By the end of the 1970s, I knew for sure I wanted to somehow draw comics for a living one day. I was permanently seduced by the magic of capturing the stories in my head and preserving them for all time. It was much more satisfying than watching TV, reading a comic book, or playing with toys. That dream would actually come true about ten years later, but I had to get much better at it in the meantime.
Almost everything I liked became fodder for a homemade comic, some of which I regrettably did not keep when they were done. Comics based on G.I.Joe, Marvel characters, Godzilla and others are now long gone and beyond recovery. But Astroblast is one I did hold onto, and it represents one of my first attempts to create an original story.
The main elements of that story were a mishmash of things that floated into my consciousness in 1978 and 1979. I’ll take them one by one…
Astro Blast was a 1978 action toy from Mattel that allowed you to fire rockets from an air pump that looked like a futuristic missile base. This supplied the name and location for my story. (See a review of the toy on Youtube here.) It was one of the many treasures taken out of circulation in 1979 when a Battlestar Galactica toy from Mattel caused the choking hazard heard around the world. But no matter. The idea of the thing was more valuable to me than the thing itself.
Tobor was another toy that caused a stir in 1978. Made by Schaper, it was a sleek little robot that scooted around in response to a clicker, and the commercials made it look like the best pal you could ever have. The catchphrase at the end of the commercials was instantly cemented into little boy brains: “TOBOR is ROBOT spelled backwards.” How obvious, and yet how clever! I simply had to make Tobor a character in this story. (See video reviews of the toy here and here.)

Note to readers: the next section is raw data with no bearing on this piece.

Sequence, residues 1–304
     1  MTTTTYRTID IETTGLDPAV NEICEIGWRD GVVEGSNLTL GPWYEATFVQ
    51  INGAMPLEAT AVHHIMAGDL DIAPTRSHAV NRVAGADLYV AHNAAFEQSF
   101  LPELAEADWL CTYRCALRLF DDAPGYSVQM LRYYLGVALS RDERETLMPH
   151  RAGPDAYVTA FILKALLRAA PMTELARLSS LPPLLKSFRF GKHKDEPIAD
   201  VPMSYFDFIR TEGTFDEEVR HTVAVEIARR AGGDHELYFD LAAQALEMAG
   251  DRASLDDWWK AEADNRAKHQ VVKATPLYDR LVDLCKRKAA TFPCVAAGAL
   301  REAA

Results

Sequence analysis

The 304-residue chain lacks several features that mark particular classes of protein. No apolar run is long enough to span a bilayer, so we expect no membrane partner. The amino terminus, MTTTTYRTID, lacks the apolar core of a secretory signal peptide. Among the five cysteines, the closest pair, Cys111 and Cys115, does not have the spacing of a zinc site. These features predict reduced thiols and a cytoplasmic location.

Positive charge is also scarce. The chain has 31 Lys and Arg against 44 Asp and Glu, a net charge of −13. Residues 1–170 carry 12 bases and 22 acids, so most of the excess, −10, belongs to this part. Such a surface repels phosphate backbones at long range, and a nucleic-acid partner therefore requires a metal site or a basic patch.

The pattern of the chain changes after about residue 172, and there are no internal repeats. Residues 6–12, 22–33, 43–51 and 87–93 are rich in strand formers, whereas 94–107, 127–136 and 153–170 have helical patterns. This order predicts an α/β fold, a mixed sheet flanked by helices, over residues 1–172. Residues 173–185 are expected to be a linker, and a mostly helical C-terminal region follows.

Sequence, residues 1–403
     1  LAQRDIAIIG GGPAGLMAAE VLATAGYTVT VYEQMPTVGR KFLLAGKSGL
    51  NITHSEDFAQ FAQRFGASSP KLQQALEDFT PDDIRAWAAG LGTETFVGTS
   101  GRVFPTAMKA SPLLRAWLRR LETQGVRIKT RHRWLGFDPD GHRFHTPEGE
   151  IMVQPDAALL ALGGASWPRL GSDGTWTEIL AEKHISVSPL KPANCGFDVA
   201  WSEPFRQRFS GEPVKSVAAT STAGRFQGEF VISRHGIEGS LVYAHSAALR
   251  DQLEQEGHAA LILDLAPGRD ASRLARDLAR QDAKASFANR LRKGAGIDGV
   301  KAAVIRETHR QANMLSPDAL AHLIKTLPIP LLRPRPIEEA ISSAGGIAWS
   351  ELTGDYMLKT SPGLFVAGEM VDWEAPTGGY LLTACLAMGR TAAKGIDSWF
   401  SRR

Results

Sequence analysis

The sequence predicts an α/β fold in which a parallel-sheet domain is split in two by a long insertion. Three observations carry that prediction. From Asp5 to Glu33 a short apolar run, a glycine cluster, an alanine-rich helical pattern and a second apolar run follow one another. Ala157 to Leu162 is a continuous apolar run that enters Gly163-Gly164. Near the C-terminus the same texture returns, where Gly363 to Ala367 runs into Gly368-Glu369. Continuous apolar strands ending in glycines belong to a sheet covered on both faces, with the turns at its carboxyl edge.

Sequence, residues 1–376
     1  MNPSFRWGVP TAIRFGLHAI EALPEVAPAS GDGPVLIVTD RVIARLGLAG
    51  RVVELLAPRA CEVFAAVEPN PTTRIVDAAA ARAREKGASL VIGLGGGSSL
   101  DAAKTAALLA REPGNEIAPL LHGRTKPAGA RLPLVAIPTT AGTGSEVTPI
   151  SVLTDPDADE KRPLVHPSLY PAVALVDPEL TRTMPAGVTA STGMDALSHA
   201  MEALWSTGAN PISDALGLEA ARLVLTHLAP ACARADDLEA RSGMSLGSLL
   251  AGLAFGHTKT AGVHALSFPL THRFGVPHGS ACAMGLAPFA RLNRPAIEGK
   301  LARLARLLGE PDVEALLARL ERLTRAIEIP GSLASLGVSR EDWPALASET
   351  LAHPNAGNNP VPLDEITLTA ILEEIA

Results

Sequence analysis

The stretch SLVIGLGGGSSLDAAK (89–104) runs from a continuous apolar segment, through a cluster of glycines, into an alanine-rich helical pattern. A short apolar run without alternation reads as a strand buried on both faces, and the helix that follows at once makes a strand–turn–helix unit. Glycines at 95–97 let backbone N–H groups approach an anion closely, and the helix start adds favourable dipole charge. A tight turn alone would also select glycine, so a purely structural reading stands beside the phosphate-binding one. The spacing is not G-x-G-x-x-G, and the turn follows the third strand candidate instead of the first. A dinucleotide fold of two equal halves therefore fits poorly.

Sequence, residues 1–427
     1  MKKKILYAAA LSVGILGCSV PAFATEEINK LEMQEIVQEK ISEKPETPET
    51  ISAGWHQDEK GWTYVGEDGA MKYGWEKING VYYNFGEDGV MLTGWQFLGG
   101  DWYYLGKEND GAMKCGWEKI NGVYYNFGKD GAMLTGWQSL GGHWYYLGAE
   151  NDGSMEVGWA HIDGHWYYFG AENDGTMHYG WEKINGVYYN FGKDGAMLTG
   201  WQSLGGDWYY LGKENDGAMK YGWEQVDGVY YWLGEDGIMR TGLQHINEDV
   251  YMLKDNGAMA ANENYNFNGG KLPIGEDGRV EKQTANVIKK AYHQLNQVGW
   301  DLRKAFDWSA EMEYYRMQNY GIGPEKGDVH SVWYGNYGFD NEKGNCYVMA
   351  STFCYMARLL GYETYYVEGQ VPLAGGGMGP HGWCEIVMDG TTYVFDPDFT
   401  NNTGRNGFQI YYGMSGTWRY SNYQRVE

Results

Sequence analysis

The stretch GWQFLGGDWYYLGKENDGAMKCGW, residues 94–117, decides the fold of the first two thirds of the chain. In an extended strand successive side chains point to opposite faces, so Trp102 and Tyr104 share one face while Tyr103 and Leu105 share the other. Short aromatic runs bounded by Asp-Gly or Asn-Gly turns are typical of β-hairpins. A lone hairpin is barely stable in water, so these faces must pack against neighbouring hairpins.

Then there was Star Hawks. One of the many, many echoes of Star Wars, it was a newspaper strip that ran from fall 1977 to spring 1981. It was drawn by Gil Kane, one of my favorite Marvel artists of the 70s, but I was unaware of it at first. It was twice the size of a standard strip, so most newspapers didn’t pick it up. Thus, I didn’t learn about it until the first paperback collection was published in 1979. It hooked me right away and had a huge influence on my character art (which should be super obvious to those in the know). Read the Star Hawks Wikipedia entry here.
Finally, 1979 was the year of two live-action SF shows: Jason of Star Command and Buck Rogers in the 25th Century. Jason was a 2-season Filmation show featuring a Han Solo-style main character. Buck Rogers premiered first as a movie in March, then as a TV series in September. I eagerly consumed both and they had a general impact on the comics I continued to create, but they had a specific influence on this one.
“Jason” was now, in my opinion, a proper first name for a space hero, but I also needed a last name. Buck Rogers gave me one with a throwaway character who got name-checked just once in the movie: “Thornberry.” Thus I settled on the name Jason Thornberry.
No other context is required here. Astroblast is a wild, corny ride with fightin’ and smoochin’ and way too much information packed into each page. Properly paced, this 16-page story would expand to about 50 were I to redo it today. But that lesson was still to be learned on the long path leading to my dream career. On the other hand, I would soon graduate out of drawing on notebook paper. So that was progress.